The very aptly titled 2015 summer comedy "Dope," which Universal Pictures Home Entertainment is releasing on DVD and Blu-ray on October 13 2015, is one of the nicest surprises to show up on the Unreal TV doorstep in a while. The accolades for this joint (no puns intended) project of Grammy-winning musician Pharrell Williams and Oscar-winning actor Forest Whitaker include a nomination for the Grand Jury Prize at the 2015 Sundance Film Festival.
The following YouTube clip of the "Dope" (and dope) trailer includes awesome exposition that tells you everything that you need to know with minimal spoilers. It also does a good job highlighting the humor and the charm of the film.
The Spike Lee/John Hughes vibes of "Dope" relate to Malcolm and his equally dorky friends Diggy and Jib trying to get through high school without incurring bullying or worse and Malcolm trying to get into Harvard. A still entertaining highly cliched scene has thugs chasing Malcolm through the corridors.
The scene that gets the action rolling has Malcolm catching the attention of local drug dealer Dom after taking a detour intended to avoid a making of a rap video. Hilarity ensues when Dom gets his new friend to act as a messenger between the former and the reluctant objection of his affection; said object not being impressed but feeling affection for our hero requires that Malcolm convey some hilarious but not-so-sweet words to said narcotics entrepreneur.
The events of that afternoon lead to Malcolm and his posse attending a club party that Dom is hosting. The frantic events that are a staple of the aforementioned '80s comedies that occur during that celebration result in Malcolm later discovering a gun and a large quantity of drugs in his backpack. The discovery of contraband leads to hilarity regarding the operation of metal detectors at the high school that Malcom attends and the general cluelessness of school administrators and faculty members.
Other "dope" humor related to our trio of dopes finding themselves at odds with dope peddlers within a third meaning of that word has them do their best to act tough when threatened, learning the dangers of brandishing a gun without knowing how to use one, and turning to highly eccentric individuals for shelter and other aid.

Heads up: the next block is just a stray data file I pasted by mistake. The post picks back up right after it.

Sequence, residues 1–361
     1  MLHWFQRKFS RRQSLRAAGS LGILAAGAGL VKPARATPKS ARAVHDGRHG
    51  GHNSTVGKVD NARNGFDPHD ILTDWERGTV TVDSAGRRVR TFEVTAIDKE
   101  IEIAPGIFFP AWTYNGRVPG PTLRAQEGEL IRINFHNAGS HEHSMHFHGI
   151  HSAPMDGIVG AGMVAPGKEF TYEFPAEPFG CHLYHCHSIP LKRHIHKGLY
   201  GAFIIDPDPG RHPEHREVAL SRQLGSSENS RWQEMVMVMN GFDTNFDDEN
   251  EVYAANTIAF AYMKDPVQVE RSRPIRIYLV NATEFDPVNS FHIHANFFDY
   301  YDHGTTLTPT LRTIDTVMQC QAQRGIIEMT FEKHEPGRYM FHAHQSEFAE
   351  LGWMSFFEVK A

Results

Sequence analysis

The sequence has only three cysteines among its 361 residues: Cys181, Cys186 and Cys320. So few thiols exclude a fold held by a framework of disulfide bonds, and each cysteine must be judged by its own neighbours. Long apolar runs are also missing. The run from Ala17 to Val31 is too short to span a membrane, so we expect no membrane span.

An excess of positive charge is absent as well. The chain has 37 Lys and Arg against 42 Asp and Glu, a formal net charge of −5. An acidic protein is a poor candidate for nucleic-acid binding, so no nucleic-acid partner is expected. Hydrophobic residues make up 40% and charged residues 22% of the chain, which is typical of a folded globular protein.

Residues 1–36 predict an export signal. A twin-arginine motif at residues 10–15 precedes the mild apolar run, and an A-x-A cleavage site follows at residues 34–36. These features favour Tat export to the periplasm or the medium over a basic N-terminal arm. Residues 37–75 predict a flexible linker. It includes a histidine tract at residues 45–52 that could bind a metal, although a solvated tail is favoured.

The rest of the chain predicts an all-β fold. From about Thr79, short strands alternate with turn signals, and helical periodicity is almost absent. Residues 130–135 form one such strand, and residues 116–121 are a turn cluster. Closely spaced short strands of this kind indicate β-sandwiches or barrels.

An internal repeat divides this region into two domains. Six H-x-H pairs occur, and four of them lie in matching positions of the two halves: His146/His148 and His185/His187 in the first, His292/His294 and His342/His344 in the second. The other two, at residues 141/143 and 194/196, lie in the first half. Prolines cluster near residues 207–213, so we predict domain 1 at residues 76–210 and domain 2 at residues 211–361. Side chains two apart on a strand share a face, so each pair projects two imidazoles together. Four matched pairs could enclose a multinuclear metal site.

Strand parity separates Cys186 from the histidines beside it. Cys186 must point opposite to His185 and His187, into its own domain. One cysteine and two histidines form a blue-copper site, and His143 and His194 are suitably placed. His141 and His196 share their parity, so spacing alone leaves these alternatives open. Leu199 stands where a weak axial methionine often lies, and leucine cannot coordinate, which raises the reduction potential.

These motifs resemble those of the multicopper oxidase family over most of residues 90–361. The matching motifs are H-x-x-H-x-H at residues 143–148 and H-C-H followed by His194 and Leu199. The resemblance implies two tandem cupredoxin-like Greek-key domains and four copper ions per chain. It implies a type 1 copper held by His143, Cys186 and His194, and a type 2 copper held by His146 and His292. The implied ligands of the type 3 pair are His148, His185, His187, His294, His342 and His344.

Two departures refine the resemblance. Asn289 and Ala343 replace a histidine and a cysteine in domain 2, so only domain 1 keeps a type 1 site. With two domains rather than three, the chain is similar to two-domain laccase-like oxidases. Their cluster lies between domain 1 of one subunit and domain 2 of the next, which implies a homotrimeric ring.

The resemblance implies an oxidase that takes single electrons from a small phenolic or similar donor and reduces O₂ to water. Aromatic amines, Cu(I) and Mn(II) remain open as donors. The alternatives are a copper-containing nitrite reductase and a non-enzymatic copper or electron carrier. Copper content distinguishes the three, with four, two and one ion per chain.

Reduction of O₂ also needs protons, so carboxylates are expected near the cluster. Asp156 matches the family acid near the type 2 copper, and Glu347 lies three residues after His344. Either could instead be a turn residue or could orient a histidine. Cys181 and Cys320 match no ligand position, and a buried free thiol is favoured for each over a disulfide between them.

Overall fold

Blake Anderson of the Comedy Central stonercom "Workaholics" commits grand theft scene as one of the aforementioned oddballs. He plays a drug dealer who is also a former band camp counselor of our group. His shining moments include a hilarious discourse on the definitions of virgin and gay and ongoing frustration regarding apparent consistencies regarding allowable use of the "N word." The most funny part of the latter is that he makes very valid points and makes one want to exclaim "N word please."
The remaining '80s style "how I got into college" aspects of "Dope" are too good to even partially spoil. It is guaranteed that they amuse; it is equally guaranteed that the film will entertain you throughout the entire 1:45 run time. Further, fans of '90s hip-hop will greatly enjoy the soundtrack, which also appeals to the aforementioned '80s kids whose taste runs more to new wave.
The Blu-ray and DVD extras include "Dope is Different," which has the cast and crew sharing their views on being "unique and authentic," and a separate exam of the music in the film.
Anyone with questions or comments regarding "Dope" is strongly encouraged to either email me or to connect on Twitter via @tvdvdguy.